While Turkey may have repatriated all of its gold held at the NY Fed, or at least moved it from New York to the BIS tower in Basel as we reported overnight, what markets are far more concerned about is the ongoing inactivity by the central bank to arrest the record collapse in the Turkish Lira and the just as record surge in Turkish 10Y yields, which in light of Erdogan's threats on the "independent" central bank, which is now terrified to hike rates, is perhaps understandable.
It is therefore also understandable why, as Bloomberg reports this morning, one brokerage is looking for help from a higher power: "God help Turkey" Istanbul-based broker Alnus Yatirim said in the sign-off to its morning note to clients on Monday. "We’re faced with a central bank that is watching the market when it needs to lead and direct it."
Yatirim has a point: on today's Bloomberg EM Bloodbath chart, the TRY is once again the worst performing currency against the USD...
... as the Turkish Lira drops to a fresh all time low, just shy of 4.60 against the USD.
The brokerage predicted that the TRY could fall to 4.58 per dollar by the end of this week - or rather the start as it is already there now, give or take - and 4.75 next week.
The market is testing whether the central bank’s verbal interventions are a bluff or not, Alnus said. Without policy action, the damage is likely to spiral, it said, citing the $222 billion of net debt held by Turkish non-financial companies in overseas currencies. Each 1 cent depreciation in the currency adds about 5 billion liras to the cost of Turkey’s foreign borrowings, it said.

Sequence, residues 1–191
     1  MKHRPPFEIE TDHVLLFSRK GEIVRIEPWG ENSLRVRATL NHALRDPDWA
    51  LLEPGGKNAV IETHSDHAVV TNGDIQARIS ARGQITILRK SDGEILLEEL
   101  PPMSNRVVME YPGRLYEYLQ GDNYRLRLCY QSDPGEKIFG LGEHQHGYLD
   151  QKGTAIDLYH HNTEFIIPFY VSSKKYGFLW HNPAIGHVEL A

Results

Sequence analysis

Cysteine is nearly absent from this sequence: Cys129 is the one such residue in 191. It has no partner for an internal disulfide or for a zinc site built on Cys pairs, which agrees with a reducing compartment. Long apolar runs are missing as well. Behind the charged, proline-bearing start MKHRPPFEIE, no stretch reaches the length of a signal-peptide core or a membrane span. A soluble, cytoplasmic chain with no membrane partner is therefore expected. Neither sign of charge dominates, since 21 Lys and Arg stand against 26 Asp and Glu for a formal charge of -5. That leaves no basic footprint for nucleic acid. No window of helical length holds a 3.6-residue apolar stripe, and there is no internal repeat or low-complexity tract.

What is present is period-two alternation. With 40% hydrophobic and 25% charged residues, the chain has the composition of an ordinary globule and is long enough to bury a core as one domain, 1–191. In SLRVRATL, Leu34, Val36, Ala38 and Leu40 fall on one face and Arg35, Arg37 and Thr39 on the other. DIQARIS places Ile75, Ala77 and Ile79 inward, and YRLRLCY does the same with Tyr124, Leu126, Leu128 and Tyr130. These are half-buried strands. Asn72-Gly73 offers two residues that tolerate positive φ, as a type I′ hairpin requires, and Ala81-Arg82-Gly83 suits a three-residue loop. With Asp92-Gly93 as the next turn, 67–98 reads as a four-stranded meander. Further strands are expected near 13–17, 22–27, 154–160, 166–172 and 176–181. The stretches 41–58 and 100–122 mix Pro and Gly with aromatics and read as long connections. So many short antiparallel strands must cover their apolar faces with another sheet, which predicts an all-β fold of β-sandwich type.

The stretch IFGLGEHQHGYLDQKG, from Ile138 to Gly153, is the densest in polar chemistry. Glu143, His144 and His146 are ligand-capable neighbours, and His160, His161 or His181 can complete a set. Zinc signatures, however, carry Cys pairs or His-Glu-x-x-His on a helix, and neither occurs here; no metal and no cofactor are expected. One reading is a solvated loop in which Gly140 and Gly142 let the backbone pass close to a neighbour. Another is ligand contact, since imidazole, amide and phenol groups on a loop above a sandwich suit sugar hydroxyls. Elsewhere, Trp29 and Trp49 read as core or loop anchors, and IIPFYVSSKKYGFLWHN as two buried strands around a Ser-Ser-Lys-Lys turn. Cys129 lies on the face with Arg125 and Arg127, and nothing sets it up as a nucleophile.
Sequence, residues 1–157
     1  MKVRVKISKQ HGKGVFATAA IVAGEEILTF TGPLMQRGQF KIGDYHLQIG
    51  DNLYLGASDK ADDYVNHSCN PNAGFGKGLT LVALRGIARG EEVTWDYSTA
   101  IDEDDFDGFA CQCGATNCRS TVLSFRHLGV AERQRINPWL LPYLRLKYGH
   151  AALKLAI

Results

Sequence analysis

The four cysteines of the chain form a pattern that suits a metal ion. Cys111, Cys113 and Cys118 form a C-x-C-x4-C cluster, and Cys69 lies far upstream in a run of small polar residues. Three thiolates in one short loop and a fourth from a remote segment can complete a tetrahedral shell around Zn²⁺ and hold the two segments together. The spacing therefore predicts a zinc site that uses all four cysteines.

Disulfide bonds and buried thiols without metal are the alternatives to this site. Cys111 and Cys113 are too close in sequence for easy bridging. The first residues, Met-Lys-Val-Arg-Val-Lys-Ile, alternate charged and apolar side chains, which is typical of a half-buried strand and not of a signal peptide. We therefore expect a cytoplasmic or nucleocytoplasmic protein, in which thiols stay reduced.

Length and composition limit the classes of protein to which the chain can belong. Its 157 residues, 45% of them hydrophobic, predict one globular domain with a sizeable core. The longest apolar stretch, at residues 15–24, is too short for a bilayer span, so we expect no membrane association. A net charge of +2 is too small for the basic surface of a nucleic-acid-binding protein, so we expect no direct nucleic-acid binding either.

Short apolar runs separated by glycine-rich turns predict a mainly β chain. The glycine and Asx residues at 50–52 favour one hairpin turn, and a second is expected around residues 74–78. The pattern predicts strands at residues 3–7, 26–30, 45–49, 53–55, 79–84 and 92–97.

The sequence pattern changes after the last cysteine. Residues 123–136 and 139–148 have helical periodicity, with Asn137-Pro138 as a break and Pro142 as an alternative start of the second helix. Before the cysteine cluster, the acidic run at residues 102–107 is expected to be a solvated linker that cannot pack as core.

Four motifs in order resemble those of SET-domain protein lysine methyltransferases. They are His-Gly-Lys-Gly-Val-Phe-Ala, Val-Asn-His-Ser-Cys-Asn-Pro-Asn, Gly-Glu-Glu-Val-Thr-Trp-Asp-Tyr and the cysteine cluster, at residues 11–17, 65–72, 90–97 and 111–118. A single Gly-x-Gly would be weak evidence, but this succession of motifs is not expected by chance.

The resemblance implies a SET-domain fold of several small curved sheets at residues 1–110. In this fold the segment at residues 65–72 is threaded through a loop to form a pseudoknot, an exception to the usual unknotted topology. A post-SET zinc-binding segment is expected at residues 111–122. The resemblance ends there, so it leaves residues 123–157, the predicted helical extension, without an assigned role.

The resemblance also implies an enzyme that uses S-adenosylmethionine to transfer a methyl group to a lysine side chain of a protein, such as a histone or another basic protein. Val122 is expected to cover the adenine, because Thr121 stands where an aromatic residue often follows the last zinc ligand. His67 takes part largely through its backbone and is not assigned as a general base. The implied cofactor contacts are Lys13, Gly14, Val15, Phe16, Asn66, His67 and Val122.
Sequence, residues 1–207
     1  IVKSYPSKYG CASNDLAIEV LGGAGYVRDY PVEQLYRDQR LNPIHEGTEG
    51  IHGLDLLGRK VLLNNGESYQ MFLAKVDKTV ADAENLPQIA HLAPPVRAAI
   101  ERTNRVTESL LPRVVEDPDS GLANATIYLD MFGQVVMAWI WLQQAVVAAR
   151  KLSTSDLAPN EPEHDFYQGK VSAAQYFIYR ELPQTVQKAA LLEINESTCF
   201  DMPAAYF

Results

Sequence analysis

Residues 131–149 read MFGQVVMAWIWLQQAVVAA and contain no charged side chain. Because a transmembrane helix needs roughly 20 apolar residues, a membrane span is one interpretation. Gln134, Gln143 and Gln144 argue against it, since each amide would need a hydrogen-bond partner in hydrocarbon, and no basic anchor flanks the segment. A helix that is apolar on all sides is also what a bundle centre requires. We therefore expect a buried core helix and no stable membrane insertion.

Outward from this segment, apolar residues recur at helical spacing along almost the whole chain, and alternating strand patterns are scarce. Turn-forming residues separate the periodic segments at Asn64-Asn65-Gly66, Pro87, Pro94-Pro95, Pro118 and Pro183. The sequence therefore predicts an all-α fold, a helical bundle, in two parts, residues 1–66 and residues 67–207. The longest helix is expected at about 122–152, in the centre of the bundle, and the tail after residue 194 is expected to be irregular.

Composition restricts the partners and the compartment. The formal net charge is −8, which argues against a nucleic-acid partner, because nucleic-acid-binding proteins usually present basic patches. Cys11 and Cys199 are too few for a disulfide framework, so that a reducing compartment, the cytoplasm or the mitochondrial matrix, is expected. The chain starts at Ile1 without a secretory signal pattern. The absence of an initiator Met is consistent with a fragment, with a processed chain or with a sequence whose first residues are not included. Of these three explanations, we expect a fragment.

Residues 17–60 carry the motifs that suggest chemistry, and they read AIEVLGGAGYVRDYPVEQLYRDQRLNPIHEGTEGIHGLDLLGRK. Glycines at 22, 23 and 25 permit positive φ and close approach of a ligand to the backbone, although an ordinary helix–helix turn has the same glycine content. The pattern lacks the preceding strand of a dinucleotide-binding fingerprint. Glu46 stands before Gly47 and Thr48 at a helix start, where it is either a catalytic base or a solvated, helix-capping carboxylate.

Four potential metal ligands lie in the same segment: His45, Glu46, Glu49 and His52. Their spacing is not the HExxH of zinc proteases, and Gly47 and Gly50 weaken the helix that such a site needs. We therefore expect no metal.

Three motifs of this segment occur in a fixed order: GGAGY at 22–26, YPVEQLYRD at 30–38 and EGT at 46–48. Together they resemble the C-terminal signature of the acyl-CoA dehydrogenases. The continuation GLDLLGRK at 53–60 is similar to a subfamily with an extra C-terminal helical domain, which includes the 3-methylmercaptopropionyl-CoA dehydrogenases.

Adding to an already dire picture, overnight rumors emerged that the government will seize foreign currency deposits although Turkey’s banking regulator chief Mehmet Ali Akben said such speculation is "absurd," Sabah newspaper reported. "Such a decision is neither discussed or a work has been done on it" he said noting that banks’ rollover ratio is around 110%, and adding that they have no problem in foreign borrowing ("for now" he forgot to add).
Although just as one Turkish official was about to sound somewhat credible, he added that similar speculations are being made before every election and accused credit rating agencies of trying to spread negative mood. He also said that the Turkish banking system is strong, although one look at today's 10Y Turkish yield which just hit an all time high of 15%, may suggest otherwise.
The good news, at least for now, is that Turkish stocks haven't followed the meltdown, with the Borsa Istanbul 100 Index down 0.3% in early trading, wiping out nearly half of last week's gain, when investors poured $10.3MM into New York and London-traded Turkey stocks ETFs in the week ended May 18, the biggest weekly inflow since Oct. 13.
We doubt stocks will be spared for long, however, and the moment Erdogan starts speaking in the next 24 hours is when the real selling will begin even as Turkey inches ever closer to soaring, Venezuela-style inflation.